Hashtags make it possible to group such messages, since one can search for the hashtag and get the set of messages that contain it. A hashtag is only connected to a specific medium and can therefore not be linked and connected to pictures or messages from different platforms.
Because of its widespread use, the word was added to the Oxford English dictionary in June 2014.
Okay, so now that I have given you the Wikipedia definition, let me discuss with you why it is imperative for you to include hashtags in your postings, as well as take advantage of hashtag postings across the Internet.
As any social media user will tell you, it is all about "the conversation". Before hashtags, we were all posting into the ether and hoping that by some miracle someone would see what we had to say and respond by posting something in return. If social media was ever going to come into its own, a solution to this problem had to be found. Thanks must go to a lightbulb moment tweet by developer Chris Messina, suggesting that Twitter begin grouping topics using the hash symbol. Twitter initially rejected the idea, but in October 2007, citizen journalists began using the hashtag #SanDiegoFire, at Messina’s suggestion, to tweet updates on a series of forest fires in San Diego. The practice of hashtagging took off, and now users and brands employ hashtags to cover everything from serious political events (#Cairo) to entertainment topics (#MileyCyrus).
- As far as the nuts and bolts part goes, hashtag entries can be done with any alphanumeric characters, provided there are no spaces, punctuation or special characters i.e. asterisks, etc. Bearing all this in mind, there are a few do's and don'ts that one needs to remember.
- The @ sign in Twitter performs a very different function from a hashtag. Tweeting @ManUtd and #ManUtd will, in the first instance, send a public message (not to be confused with a DM) to ManUtd and, in the second instance, include your message in a forum of persons using the same hashtag.
- Across all relevant social media platforms it may be tempting to insert copious amounts of hashtags in the hope of reaching the maximum possible viewers, when posting. My advice on this: DON'T. Inserting more than two or, at the most, three hashtags into a post makes it begin to resemble spam and makes you, the person posting, look desperate and clearly a novice. Rather post two or three related posts with one or two targeted hashtags in each. This will gain you far more responses.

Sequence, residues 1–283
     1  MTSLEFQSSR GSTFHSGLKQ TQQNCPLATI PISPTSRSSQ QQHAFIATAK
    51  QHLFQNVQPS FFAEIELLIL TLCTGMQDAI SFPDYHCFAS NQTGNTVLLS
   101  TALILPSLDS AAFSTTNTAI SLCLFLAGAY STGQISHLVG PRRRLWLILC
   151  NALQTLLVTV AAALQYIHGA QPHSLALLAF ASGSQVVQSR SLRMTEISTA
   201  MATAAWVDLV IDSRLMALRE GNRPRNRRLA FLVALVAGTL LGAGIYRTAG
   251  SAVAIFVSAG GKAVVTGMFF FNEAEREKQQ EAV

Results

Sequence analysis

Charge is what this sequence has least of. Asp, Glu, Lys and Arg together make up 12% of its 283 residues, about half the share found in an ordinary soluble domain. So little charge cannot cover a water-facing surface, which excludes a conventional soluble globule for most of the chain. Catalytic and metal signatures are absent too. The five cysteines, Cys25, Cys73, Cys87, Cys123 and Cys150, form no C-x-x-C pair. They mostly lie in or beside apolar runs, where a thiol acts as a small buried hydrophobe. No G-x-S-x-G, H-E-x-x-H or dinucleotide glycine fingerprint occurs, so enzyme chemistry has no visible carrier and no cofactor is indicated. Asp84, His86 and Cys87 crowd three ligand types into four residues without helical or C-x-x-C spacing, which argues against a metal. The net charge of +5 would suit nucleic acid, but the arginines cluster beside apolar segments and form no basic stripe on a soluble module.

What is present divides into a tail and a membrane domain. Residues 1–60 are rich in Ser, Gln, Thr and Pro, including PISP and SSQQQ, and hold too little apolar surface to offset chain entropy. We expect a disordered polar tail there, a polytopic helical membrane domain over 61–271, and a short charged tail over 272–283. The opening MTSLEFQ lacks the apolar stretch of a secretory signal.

- Set up one account per platform and be sure to make sure that it is recognizable as belonging to your brand and your brand alone. I cannot begin to tell you how infuriating it is to search for a company's brand on Twitter or Facebook, only to be confronted by a dozen different options and having no idea of which one to pick.
- Earlier in this post I mentioned the term "social listening". When it comes to your brand, you need to seek out your competitors and see which communal hashtags are being opted for by them. This is a good way to position yourself in the global conversation. One thing that I need to point out however; it is extremely bad etiquette to hijack another brand's unique hashtags. Nike, for example, may use their #JustDoIt tagline in their posts. Don't use this tagline in yours. At best, doing so will dilute your brand image by having it get lost in the "noise". At worst, you will do massive damage to it by giving the impression that you're poaching followers.
- When wanting so set your brand apart, either for a promotion or for a unique aspect of your business, come up with your own unique hashtags and be sure to inform your fans and followers about them. By doing so, you can encourage them to do some social listening of their own and join with others in conversations about your brand. This is a hugely powerful way of generating "buzz". I'm sure you recall the #ALSIceBucketChallenge? Need I say more.